Raisin’ Cane with Julia Carpenter

Julia Carpenter
Photo by AJ Reynolds.

Meet Julia Carpenter, Washington Post reporter and newsletter extraordinaire.

When asked about whether the move to the swamp weather of Washington, D.C. was because she couldn’t live without the humidity of her native Savannah, Julia Carpenter’s response is succinct: “Ugh. Just Ugh.” But while the Washington Post reporter may have gotten out of Savannah to find herself in similar weather, she certainly doesn’t find herself in the same kind of town.

From the Women’s March on Washington (“I followed a family of marchers on the Washington Post Snapchat”) to her local hang, Kramerbooks (“my favorite neighborhood haunt! Part bookstore, part bar, part restaurant.”), the UGA grad is on the move, and in the thick of things. Big, international things. Her latest project, A Woman To Know, is a newsletter sharing the stories of women both past and present, and with a millennium of stories to share, things are just getting started.

Is it true that well behaved women rarely make history? 

You know, I like the saying. I have it on a shirt and some tote bags. But honestly, some would say Dolly Madison is a pretty well-behaved woman. I’m thinking about other women like Emily Post or Lulu Hunt Peters or even Anna Julia Cooper. You can “behave well” and still make a difference. Honey and vinegar and all that.

Where did the idea for “A Woman To Know” start?

I had noticed a tweet from another writer on Twitter, Rose Pastore of Fast Company. She had tweeted a link to Alice Bunker Stockham’s Wikipedia page, with just a few words: “A woman to know.” The phrasing stuck with me! I responded to her and said “This would make a great Tumblr. Or a newsletter.” And then I claimed the newsletter domain—sat on the idea for months. Months! I kept an iPhone note of all the interesting women I’d want to Google or read about later, and then one day it hit me: I have to do this. I have thousands of women to feature! I should go ahead and share them.

How do people react to it?

My favorite thing about starting the newsletter is the thousands of people who will send me recommendations! Things like, “I studied art history in Kentucky and I don’t think enough people know about Enid Yandell,” or “As a black woman in medicine, Rebecca Lee Crumpler is my hero.” I still have a backlog of somewhere around 1,000 replies from people, all suggesting fantastic women to feature. It’s so encouraging to think that so many people care enough about these women’s lives to forward my newsletter and share their own recommendations.

 

Words to live by: “Good things happen to those who hustle.” – Anaïs Nin

Words to live by: “Good things happen to those who hustle.” – Anaïs Nin

Is there a lack of acknowledgement about women’s accomplishments?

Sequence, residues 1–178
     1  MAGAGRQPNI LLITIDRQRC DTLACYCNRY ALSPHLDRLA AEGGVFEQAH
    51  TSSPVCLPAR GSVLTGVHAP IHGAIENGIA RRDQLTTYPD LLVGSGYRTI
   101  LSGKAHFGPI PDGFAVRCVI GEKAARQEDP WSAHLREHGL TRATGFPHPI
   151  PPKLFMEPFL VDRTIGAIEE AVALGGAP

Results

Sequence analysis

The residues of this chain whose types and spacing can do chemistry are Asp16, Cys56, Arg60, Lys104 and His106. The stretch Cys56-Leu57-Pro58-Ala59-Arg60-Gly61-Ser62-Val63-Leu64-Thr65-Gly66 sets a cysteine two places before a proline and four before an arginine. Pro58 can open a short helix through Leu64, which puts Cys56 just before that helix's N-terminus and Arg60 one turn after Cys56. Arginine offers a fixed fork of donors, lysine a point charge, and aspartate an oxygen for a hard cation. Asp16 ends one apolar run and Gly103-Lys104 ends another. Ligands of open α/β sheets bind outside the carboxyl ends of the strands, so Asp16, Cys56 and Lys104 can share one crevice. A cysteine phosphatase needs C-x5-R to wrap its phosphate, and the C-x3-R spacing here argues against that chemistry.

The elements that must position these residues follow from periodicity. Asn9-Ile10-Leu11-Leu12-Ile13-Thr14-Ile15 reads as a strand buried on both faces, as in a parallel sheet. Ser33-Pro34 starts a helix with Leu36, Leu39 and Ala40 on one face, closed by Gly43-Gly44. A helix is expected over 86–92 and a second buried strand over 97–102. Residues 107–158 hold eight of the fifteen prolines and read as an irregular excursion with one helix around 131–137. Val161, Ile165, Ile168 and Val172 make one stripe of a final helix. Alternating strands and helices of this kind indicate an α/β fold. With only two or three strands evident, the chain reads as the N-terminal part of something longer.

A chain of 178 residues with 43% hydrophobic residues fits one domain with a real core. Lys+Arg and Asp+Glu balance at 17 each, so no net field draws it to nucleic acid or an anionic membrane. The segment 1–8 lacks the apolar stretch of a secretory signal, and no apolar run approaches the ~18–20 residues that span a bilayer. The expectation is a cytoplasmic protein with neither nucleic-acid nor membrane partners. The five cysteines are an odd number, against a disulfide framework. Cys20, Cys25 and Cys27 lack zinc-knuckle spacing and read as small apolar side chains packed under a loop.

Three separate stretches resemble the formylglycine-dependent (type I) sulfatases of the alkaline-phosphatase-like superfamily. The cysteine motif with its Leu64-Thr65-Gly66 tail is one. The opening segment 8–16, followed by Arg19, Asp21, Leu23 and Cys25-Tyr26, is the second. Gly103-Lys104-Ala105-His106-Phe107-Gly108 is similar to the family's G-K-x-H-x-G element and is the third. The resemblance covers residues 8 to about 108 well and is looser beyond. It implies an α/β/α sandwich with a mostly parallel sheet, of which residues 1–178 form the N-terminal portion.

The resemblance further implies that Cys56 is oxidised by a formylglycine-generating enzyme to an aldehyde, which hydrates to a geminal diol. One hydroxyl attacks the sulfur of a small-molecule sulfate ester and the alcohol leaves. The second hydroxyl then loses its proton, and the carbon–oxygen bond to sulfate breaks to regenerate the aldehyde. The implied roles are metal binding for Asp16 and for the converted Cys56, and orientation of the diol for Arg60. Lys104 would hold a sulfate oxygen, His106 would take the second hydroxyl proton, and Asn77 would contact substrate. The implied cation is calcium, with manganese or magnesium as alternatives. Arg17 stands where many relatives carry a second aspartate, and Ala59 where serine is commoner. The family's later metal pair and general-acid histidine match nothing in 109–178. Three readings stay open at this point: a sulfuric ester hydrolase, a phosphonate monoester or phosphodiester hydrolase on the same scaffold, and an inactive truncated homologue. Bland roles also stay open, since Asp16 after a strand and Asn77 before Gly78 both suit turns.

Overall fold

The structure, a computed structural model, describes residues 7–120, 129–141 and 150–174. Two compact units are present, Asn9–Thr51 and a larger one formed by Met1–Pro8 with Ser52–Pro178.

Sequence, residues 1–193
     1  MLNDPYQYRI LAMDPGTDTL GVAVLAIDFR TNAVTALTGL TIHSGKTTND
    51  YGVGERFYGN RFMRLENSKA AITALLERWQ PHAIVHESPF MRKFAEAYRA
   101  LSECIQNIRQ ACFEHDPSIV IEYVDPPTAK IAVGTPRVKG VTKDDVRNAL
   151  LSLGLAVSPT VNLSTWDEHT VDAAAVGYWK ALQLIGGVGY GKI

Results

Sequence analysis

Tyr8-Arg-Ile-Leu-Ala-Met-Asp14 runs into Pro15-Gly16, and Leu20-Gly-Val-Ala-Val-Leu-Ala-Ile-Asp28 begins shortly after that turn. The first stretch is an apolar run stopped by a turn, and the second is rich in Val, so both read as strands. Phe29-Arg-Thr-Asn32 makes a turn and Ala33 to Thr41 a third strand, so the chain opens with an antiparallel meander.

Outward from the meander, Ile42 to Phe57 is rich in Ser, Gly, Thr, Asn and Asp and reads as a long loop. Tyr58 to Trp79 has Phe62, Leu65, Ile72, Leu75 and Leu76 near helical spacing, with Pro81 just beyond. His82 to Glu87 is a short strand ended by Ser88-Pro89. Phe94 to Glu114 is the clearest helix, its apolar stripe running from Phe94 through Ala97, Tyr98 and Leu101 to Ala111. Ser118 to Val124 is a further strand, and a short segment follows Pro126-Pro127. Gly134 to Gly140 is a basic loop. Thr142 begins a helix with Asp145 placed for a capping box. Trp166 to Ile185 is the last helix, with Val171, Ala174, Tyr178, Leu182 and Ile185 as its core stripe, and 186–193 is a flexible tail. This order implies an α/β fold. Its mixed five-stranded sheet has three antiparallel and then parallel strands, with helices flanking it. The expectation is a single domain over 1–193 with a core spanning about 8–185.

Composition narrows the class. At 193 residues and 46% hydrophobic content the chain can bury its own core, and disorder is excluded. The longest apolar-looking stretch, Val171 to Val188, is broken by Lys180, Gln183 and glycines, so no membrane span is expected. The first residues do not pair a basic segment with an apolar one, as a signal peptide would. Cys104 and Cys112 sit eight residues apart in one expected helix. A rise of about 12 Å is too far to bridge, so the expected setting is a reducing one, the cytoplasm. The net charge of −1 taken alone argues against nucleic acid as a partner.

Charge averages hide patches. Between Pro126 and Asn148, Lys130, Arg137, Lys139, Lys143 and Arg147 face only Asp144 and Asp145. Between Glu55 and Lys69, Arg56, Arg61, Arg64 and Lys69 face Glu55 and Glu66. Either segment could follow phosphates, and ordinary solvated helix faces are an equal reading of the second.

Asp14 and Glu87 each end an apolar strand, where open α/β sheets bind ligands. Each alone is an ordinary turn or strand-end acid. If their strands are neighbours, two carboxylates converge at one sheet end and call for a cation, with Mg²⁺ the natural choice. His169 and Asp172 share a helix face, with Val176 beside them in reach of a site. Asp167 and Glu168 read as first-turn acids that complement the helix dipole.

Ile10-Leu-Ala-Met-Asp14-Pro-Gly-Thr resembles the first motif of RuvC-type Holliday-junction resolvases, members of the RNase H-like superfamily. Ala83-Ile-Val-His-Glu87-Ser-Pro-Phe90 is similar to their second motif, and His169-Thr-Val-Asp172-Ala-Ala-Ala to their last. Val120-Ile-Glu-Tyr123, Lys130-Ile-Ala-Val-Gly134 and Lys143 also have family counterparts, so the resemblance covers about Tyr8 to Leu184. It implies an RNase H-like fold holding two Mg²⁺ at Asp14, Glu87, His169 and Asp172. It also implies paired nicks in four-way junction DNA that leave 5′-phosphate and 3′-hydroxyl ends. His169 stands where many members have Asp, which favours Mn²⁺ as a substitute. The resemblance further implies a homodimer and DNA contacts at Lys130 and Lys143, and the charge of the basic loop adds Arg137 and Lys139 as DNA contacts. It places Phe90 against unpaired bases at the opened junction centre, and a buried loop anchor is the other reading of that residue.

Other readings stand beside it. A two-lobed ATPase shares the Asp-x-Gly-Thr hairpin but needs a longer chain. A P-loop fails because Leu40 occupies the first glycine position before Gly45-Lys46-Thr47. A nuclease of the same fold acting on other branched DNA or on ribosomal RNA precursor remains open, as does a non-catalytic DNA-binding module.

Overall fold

The No. 1 motivating force in my newsletter is anger/frustration! I’ll come across the name of some fantastically forceful, influential, important woman and think “How come I didn’t know about her?” Why did I learn about every important man from the last three centuries, but I still don’t know about so many of the women who shaped our history? God, I’m getting heated just even writing this all down!

How are you going to measure the success of the newsletter?

I want it to be a book. Maybe even multiple books. I’m writing the proposal right now. Hold me to this dream, y’all! I’m trying to tell as many people as possible so I don’t drop the ball in 2017.

How do you pick subjects of your newsletter?

Not very scientifically! I have an ongoing list I keep on my phone, jotting names from books, street signs, Tumblr posts and more. And then I get so many suggestions by tweets or replies to my newsletter. Those are my favorites.

Fanny Eaton

Head of Mrs. Eaton, 1861. Joanna Boyce Wells, Yale Centre for British Art, Paul Mellon Fund

 

Do you have a favorite woman that you’ve highlighted?

Fanny Eaton always comes to mind. This is a woman who starred in so many portraits, sculptures and other artworks of the era, as contemporary painters’ favorite “exotic” subject. And yet so few people know her story, or even know her name. I think about her a lot.

What do you hope this information will inspire?

I hope it inspires more people to peer closer at the established narrative we agree is history. To ask more and more often, “Well, where were the ladies? Where were the lesbians? The trans women? The POC?” Because they were there, y’all!

My secret weapon is…”A private Facebook group created by myself, for a group of badass ladies, where I can vent and scream and share.”

Do you think feminism is still a bad word?

Not at all! I’m proud to say I’m a feminist.

The women you feature are all nationalities, not just American. Why is that important?

As little as we know about women in American history, we know even less about women in world history. And there’s millenia worth of stories to find!

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